Fire is Cool
The most popular outdoor amenity is a grill, the center of the backyard’s culinary and social activities. Whether you’re partial to burgers and hotdogs or gourmet roasts, backyard barbecues are what makes summer so special. You get all the food and fun of a tailgate party without having to tolerate the traffic. According to the Propane Eductaion and Research Council, almost two-thirds (63 percent) of parents say barbecuing or grilling outdoors is the most enjoyable way for their family to eat dinner during the summer months. Less than half (28 percent) as many say the same about sitting down for a home-cooked meal.
Makes and models of grills range from inexpensive portable charcoal burners to elaborate propane-fueled setups with griddles and skillets and accessory refrigerators. Available features include attachable sushi bars, portable woks and advanced control tools, such as the grill-surface temperature indicating when to flip and serve the food.
Another high-demand item is a heat source, which helps ensure your new backyard lounge will get the most usage throughout year. Portable space heaters are an easy-to-store option. Some contemporary space heaters are configured as towers with a mushroom design to direct heat downward to tables and chairs. Other heaters double as bistro tables or lamps to blend décor with functionality. For a more rustic appeal, choose from easy-to-tote fire pits, chimineas or cast-iron stoves to beautiful stucco or river rock gas-fired hearths. Let’s face it, a blazing full stone hearth serving as the focal point of your backyard is sure to make your neighbors crazy jealous.
And don’t overlook the importance of adequate lighting. Hearths and fire pits provide a warm outdoorsy glow, but a couple of French lanterns can offer a more elegant and romantic setting. You can add candles and string lights, or keep pathways lit with low-voltage landscape lighting.
The Green Outdoors
In an era of heightened environmental consciousness, it’s only natural that homeowners who spend more time outdoors want to keep those outdoors clean and healthy. When 60 million people hit the barbecue at once—like they do on Fourth of July—the environmental impacts can add up quickly. You have options when heating and grilling. On one hand, wood-burning stoves and charcoal barbecue grills use an easily renewable source of fuel: trees. On the other hand, wood-burners emit carbon into the atmosphere, which contributes to poorer air quality. But on the third hand, many people simply find the smoky taste of charcoal barbecuing just too delicious to resist (count me guilty as charged). If you do use charcoal, look for lump brands, which contain less coal dust or other additives that are used as binders in briquettes. Besides, lump charcoal burns better and results in better tasting food than the cheap stuff.
For a “greener” approach to air quality, propane and electric hearths and grills contribute less carbon directly to the environment. Additionally, some residences may be restricted from open-flame grilling, either by code or by homeowner associations, in which case a powerful electric grill will be a smart, “green” option. And as far as gas, the U.S. Department of Energy estimates propane fireplaces cost 30 to 60 percent less per hour to operate than wood-burning fireplaces. Of course, this assumes you aren’t chopping your own wood.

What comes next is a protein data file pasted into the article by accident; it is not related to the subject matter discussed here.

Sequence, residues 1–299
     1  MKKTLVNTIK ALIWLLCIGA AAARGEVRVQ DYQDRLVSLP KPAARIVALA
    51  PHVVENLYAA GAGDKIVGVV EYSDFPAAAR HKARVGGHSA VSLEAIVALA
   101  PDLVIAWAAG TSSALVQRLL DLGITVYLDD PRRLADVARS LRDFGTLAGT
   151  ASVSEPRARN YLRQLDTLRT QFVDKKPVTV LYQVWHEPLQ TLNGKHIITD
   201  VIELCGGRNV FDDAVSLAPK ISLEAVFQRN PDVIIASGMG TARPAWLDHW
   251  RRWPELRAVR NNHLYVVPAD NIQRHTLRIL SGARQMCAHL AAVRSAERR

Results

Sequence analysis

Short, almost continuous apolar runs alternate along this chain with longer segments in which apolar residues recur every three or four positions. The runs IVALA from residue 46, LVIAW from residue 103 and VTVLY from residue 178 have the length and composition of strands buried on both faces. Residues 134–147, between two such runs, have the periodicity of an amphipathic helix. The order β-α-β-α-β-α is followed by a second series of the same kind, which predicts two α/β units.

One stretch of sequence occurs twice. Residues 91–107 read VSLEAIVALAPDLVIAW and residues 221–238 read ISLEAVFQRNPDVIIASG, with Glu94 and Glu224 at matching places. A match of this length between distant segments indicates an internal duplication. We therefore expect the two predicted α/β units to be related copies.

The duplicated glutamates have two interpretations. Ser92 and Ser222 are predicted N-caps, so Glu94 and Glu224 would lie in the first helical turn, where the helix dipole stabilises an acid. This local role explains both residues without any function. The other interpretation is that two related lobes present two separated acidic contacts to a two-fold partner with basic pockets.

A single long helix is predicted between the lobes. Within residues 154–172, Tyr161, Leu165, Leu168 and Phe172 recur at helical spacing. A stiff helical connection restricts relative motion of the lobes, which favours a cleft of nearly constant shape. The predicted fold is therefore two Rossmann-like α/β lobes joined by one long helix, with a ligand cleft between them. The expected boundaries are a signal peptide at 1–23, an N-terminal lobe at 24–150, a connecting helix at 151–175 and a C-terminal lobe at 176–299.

But as far as cooking efficiency, propane wins the race. Propane offers instant gas flames with no wait time for burners to heat up. Gas cooking offers greater control with precise temperature and even heat distribution. In fact, according to the American Gas Association, 97 percent of professional chefs prefer cooking with gas.
So, whether you’re creating a backyard kitchen, a gathering place for family and friends, or a quiet place to read and write, the design options are endless. An outdoor room is a fun and rewarding project where you can start small and gradually embellish as your budget allows. So think big, plan ahead and have fun out there.
Build Your Own Cooking Island
You can save thousands of dollars in labor on your outdoor great room by building it yourself. From basic deck construction to hand-laid paver patios, outdoor rooms make great DIY additions that can be broken into a series of weekend projects. Begin as simply as building a picnic table, or dive head-first into an elaborate outdoor kitchen addition.
Even high-end stone cooking islands are not beyond the realm of the serious DIY’er when the right tools, materials and instructions are at hand. For example, MAPEI offers a variety of mortars and adhesives to construct a Jerusalem stone-veneered island (1) with a granite tile countertop (2). For installing the wall tile you’ll need the company’s Granirapid product, which is a fast-setting, flexible, polymer-modified mortar system (A). For the countertop, begin with fiberglass mesh and Mapelastic 315 (B), which serves as a flexible cement-based waterproofer. Follow that with the Kerabond mortar system (C) to adhere the tile. Then fill the joints with MAPEI’s Opticolor grout (D) for a stain-free, easy-to-clean food prep surface. For more information, visit, www.mapei.com.